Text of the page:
At the beginning of the 2012-2013 season, the Kalamazoo Wings of the ECHL (commonly known as the K-Wings) installed a gigantic scoreboard with a video screen that stretches from blue line to blue line. This has become the centerpiece, if you will, of the minor league hockey world, and Greg Wyshynski of Puck Daddy called the new scoreboard “ostentatious.”
Here’s the thing: While I did find myself peering toward the center edifice during breaks in the action, during the game itself the enormous video screen did not distract me from the purpose of my visit, which was to watch a hockey game.
There’s no doubt that you will notice this Houston Rockets-sized scoreboard, but there is so much more to notice when you attend a game at Wings Stadium in Kalamazoo, Michigan. Outstanding food, friendly staff, creative promotions, and solid minor league hockey await you when you go to a K-Wings game.
The team has yet to win an ECHL championship, but has had successful seasons including Division and Conference Championships. Their lone league title came as members of the UHL when they took home the hardware known as the Colonial Cup in 2006.
The K-Wings are currently affiliated with the Vancouver Canucks of the NHL and Chicago Wolves of the AHL. While the Canucks are obviously not the perfect geographic fit, the proximity to Chicago (about 150 miles) allows for easy call ups to the AHL level.
The state of Michigan has many tremendous hockey venues ranging from junior NAHL to collegiate to NHL caliber teams, and one would be remiss if they missed out on what Kalamazoo and Wings Stadium have to offer fans of the sport of hockey.
The FANFARE scale is our metric device for rating each stadium experience. It covers the following:
Each area is rated from 0 to 5 stars with 5 being the best. The overall composite score is the "FANFARE Score".
There are plenty of points of sale and interesting options when it comes to food at Wings Stadium. For me, the obvious choice is to get some wings. There are plenty of sauces available including BBQ, Tangy BBQ, Medium, Hot Buffalo, and Sweet Chili. I like to get the boneless wings just to make life easier, and the portion is plentiful with 10 or 12 pieces ($6).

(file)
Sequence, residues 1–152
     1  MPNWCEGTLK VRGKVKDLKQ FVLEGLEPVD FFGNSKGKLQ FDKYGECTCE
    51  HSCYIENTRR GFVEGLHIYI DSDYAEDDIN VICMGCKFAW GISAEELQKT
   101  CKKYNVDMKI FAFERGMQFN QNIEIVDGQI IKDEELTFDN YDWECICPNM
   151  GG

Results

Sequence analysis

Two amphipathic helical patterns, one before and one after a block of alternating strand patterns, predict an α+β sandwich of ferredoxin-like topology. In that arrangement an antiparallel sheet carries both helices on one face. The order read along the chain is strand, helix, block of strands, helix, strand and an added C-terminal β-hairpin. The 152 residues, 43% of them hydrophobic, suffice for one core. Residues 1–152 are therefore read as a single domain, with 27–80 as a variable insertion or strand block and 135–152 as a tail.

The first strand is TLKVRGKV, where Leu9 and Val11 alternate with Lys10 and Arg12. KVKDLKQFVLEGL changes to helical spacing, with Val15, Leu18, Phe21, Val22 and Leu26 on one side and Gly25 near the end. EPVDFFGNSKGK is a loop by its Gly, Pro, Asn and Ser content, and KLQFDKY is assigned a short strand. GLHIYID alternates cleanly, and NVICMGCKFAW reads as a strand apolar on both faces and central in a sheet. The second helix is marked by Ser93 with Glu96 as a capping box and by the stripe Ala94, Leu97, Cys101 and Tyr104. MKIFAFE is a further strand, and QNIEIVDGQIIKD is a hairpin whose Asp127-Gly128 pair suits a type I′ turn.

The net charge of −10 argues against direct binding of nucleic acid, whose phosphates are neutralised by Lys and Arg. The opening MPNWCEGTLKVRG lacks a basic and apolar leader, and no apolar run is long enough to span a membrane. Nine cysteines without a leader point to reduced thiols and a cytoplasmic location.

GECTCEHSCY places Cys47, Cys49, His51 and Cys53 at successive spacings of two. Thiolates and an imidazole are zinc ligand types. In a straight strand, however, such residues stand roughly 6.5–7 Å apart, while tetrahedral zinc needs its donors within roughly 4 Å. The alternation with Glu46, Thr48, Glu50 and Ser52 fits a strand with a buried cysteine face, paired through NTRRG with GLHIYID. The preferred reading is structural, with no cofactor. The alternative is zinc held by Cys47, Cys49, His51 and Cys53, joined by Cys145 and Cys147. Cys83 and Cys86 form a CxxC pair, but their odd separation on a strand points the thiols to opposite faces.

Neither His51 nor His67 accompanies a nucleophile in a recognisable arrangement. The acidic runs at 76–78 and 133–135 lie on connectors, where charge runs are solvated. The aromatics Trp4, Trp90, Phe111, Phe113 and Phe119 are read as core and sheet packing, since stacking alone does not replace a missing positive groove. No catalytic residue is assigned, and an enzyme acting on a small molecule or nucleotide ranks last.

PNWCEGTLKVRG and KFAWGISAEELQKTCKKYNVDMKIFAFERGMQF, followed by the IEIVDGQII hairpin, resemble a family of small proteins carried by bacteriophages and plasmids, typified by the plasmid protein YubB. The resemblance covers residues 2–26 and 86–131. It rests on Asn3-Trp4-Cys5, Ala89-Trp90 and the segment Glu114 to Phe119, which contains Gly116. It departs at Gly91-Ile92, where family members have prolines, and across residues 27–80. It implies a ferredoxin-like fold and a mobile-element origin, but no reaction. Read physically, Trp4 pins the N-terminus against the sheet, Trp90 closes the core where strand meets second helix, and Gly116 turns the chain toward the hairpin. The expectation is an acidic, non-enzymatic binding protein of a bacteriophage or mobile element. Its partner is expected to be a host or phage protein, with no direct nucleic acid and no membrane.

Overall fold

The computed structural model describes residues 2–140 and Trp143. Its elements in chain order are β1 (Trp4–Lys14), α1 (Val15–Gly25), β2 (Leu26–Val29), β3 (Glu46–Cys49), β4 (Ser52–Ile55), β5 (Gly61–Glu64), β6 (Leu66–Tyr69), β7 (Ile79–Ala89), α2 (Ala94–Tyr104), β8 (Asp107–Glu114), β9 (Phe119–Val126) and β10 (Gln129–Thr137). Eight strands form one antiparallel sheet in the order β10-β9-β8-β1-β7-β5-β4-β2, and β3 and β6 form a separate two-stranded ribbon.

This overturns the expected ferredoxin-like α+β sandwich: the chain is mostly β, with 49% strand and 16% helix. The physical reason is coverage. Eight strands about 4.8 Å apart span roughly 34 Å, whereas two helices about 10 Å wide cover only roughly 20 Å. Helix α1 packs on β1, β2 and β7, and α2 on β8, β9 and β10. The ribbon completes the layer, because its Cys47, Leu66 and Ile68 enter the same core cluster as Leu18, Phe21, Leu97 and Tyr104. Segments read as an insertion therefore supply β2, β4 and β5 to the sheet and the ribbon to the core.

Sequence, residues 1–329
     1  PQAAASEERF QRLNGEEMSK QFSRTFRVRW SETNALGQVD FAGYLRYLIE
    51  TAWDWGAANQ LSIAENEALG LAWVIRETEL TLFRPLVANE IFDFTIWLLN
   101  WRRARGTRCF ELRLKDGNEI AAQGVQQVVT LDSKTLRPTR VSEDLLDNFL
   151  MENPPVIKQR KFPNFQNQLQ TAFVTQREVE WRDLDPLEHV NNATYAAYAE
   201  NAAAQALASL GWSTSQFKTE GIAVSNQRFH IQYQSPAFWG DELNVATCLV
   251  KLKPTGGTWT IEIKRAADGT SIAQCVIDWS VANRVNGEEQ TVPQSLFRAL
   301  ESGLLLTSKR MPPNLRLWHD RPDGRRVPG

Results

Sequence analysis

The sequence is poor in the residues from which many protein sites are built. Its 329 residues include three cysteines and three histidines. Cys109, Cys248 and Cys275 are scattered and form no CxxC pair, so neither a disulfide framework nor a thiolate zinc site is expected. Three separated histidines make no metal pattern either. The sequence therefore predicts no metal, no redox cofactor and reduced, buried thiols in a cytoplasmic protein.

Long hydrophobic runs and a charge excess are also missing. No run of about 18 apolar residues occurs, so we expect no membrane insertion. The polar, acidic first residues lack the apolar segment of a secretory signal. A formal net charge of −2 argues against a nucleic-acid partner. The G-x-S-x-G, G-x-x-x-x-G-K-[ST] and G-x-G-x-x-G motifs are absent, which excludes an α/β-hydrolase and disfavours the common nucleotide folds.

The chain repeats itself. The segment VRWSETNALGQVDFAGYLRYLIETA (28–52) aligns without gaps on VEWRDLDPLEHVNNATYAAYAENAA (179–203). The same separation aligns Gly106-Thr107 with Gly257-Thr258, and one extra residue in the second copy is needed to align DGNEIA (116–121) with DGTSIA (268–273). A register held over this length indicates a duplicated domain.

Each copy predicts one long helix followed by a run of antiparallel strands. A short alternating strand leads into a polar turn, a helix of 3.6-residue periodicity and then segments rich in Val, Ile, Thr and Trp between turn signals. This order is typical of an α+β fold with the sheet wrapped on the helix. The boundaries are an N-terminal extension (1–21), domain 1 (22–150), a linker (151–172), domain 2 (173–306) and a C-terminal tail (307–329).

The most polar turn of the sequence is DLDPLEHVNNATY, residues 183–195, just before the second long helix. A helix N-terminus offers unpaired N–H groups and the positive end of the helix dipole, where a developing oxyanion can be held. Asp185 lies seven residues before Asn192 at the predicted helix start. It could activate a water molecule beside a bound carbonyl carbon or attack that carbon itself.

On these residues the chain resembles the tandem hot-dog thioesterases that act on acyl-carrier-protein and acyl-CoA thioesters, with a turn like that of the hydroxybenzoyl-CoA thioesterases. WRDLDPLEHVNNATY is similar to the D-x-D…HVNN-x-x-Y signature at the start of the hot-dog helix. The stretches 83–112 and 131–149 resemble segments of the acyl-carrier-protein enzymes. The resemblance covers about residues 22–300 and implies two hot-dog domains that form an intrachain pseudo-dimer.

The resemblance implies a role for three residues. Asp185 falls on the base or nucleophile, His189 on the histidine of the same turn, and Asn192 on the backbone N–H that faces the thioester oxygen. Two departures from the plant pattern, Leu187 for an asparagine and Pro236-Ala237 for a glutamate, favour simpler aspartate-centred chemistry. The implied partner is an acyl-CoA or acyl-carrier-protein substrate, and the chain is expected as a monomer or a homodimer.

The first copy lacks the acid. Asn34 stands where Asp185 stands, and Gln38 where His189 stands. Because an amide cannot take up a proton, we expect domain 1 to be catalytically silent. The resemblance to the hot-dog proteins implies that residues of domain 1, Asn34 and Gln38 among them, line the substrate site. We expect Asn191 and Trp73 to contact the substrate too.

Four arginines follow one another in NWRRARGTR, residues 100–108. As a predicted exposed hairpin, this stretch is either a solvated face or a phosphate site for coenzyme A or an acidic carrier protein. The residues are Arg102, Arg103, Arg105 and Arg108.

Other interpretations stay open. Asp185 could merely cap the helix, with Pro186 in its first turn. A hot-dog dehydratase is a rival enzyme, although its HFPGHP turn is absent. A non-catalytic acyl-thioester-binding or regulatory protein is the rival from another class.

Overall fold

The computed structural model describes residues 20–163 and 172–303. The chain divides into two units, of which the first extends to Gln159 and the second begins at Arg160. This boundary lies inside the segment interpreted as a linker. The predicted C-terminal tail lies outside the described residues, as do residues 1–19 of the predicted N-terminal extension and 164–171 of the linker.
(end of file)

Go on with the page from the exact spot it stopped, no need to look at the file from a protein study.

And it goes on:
I'm also a big fan of BBQ and pulled meat of any kind, and I can recommend the Austin Blues BBQ concession. Here you'll find pulled pork sandwich ($6), smoked brisket sandwich ($7), or you can splurge for the mixed grill which includes pulled pork, brisket, a brat, and some slaw ($10).
If you are hungry for Mexican food, then try the Caramba Cantina, which serves burritos, loaded nachos, and taco salad ($6 each).
There is much, much more on hand, and too much to list out here, but all the basic are available. Pepsi products are available to drink with some stands offering 20-ounce bottles ($3), and other stands offering fountain drinks ($2.50-$3.25).
There are several beer vendors, and there were even jello shots available on the night of my visit ($1). There is a good variety of macros like Budweiser and Miller Lite. But Kalamazoo is a great craft beer town, so you can also find Arcadia Ale on draft ($7 for 24 ounces).
The Underground Sports Bar can be found between sections 2 and 3 and can either be accessed at ice level from the seating sections or from the concourse by heading down the stairs. The bar is a hot spot during intermissions and pre-game, and closes with 10 minutes to go in the third period. It's a shame that they can't keep this place open after games as a hockey fan hangout. But if you have a chance to stop in either during the game or before the game, then this is a good little spot to talk some hockey.
So back to that scoreboard for a moment. It is big, but I was surprised to find that it was not a distraction to me, and overall helps the gameday presentation. Moreover, a minor league team that invests $2 Million in improvements is to be commended. This is not done lightly, and my hope is that the residents of Kalamazoo understand that the team is invested in this community.
Additionally, there are a plethora of HD monitors throughout the concourse to keep fans up on the game when they go for a snack at the concession stand.
The seating section is made up of 18 rows of chairback seating with slightly above average legroom and no cupholders. I always wish that arenas would install cupholders, as it allows fans to cheer and clap more readily, and also makes it easier to clean up as there are fewer pops and beers kicked over during the course of a game. There are an equal number of rows decked out with brown seats, followed by red seats, and finally orange seats as the top six rows.